Surgical Myasthenia Gravis Treatments

Myasthenia gravis may be associated with various abnormalities of the thymus gland.

The thymus gland lies behind the breastbone and is an important part of the immune system in infancy and early childhood.

The relationship between the thymus gland and myasthenia gravis has led to the medical recommendation that the gland be removed (thymectomy). About 10 percent of myasthenia gravis patients have a tumor of the gland (thymoma) and are treated with surgical removal, or thymectomy, as well.

Since the 1940's, myasthenia gravis has been treated by thymectomy with most patients showing some improvement after 6 months to 1 year following surgery.

The degree of improvement after surgery is not predictable, but can be significant. Myasthenia gravis patients who experience more than minimal symptoms should consider thymectomy for treatment. University of Maryland thoracic surgeons offer four different surgical approaches for thymectomy, including some which are minimally invasive, to best meet our patients' needs.

Click on any of the links below to learn more about these surgical approaches, what to expect after surgery and more.

The history of thymectomy dates back to 1901 when a thymoma in a patient with myasthenia gravis was described and the association between the thymus gland and myasthenia gravis was first suggested. In 1913, Schumaker and Roth described the fist thymectomy performed 2 years earlier, in 1911, by Sauerbruch.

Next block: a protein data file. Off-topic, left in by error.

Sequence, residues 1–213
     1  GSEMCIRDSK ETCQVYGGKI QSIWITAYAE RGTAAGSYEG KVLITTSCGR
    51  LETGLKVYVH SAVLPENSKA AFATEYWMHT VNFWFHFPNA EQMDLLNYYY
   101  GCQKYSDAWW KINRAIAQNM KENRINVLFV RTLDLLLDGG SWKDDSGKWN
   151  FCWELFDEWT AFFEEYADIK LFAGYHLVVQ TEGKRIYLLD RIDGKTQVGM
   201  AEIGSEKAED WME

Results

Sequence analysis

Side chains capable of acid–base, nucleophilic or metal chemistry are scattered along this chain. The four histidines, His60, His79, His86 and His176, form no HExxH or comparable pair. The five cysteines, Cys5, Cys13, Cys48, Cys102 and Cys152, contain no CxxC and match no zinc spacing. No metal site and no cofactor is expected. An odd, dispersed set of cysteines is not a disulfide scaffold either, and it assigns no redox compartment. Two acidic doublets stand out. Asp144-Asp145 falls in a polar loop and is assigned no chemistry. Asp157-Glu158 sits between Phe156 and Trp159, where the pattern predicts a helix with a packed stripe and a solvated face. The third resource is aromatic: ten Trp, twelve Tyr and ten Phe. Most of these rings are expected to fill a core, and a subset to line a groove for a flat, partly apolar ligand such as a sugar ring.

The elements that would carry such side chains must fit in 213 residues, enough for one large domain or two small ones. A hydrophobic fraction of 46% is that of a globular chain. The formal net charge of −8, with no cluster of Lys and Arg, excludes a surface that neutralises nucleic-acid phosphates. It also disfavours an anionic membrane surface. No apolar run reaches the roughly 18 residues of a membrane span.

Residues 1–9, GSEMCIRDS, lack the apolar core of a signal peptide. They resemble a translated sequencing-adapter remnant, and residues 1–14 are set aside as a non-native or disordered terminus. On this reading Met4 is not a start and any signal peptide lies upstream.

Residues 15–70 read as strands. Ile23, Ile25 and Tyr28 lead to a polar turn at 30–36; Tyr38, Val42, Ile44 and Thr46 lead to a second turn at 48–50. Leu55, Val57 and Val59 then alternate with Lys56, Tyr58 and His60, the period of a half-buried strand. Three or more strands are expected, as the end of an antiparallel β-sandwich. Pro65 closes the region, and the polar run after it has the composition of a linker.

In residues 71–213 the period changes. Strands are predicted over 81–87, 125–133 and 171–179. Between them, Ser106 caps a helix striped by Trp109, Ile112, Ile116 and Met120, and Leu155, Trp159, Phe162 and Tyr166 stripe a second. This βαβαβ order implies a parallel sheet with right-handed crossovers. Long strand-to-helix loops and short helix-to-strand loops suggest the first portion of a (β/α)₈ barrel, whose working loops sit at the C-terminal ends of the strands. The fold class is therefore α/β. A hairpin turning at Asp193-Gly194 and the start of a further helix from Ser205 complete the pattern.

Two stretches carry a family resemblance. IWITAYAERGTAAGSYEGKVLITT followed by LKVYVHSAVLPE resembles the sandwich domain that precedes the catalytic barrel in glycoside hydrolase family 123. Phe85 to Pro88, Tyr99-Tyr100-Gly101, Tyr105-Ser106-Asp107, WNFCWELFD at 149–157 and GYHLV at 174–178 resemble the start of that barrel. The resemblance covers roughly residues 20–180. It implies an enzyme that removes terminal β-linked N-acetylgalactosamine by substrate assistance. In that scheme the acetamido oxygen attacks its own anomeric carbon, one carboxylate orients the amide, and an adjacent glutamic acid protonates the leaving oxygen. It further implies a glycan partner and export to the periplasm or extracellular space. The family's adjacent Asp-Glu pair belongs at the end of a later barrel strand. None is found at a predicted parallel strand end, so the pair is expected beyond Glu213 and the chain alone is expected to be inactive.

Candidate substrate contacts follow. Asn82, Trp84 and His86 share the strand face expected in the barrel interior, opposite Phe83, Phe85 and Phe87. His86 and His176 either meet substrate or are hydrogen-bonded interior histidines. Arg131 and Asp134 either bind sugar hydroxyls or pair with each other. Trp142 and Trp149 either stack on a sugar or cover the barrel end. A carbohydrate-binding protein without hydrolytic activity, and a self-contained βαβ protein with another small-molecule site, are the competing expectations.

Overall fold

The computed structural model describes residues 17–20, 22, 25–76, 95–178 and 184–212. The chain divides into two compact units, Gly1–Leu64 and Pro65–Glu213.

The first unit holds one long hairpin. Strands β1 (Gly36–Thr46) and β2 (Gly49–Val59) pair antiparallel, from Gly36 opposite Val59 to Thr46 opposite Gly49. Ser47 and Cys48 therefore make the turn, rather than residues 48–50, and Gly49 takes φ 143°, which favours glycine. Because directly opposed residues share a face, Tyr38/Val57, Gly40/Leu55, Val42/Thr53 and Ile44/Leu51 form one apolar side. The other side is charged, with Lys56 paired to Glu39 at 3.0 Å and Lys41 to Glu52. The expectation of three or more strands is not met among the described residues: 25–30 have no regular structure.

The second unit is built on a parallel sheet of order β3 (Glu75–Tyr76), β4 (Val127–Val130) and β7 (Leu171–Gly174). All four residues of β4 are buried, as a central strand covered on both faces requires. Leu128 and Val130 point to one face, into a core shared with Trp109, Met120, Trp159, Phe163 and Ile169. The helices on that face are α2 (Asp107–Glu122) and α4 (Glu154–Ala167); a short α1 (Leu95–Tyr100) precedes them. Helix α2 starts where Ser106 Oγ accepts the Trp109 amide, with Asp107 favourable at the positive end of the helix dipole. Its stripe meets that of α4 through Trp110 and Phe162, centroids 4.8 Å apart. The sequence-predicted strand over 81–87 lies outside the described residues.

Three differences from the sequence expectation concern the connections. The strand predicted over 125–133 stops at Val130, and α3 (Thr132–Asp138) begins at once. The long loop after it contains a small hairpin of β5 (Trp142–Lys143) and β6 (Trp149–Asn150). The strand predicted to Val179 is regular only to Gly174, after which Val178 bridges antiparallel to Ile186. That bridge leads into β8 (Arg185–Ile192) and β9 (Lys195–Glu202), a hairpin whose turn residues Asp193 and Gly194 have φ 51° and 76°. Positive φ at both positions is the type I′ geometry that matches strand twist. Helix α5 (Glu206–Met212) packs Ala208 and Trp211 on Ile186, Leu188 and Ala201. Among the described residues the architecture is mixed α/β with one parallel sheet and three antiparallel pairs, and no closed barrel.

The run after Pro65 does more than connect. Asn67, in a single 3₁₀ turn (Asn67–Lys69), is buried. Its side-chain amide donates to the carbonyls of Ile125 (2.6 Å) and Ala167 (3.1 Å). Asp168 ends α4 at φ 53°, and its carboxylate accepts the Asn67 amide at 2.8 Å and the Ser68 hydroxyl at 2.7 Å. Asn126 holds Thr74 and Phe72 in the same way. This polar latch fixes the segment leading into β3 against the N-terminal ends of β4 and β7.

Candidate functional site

The exact mechanism by which thymectomy improves the symptoms of myasthenia gravis is not completely understood. Nevertheless, myasthenia gravis patients who undergo thymectomy do experience fewer exacerbations ("flare-ups"), have milder symptoms, require lower medication doses and have a higher chance of complete remission.

Various types of thymectomy procedures are performed at the University of Maryland Medical Center. The Medical Center has recently installed state-of-the-art operating rooms outfitted with the newest videoscopic equipment, earning the title: "OR of the Future."

Our surgeons are experienced in all of the surgical approaches to thymectomy and have performed thymectomy on hundreds of patients safely and successfully.

Thymectomy can be performed using several surgical approaches. Your surgeon will determine the optimal surgical procedure for you, based upon your general health status, physical build and the absence of a thymoma.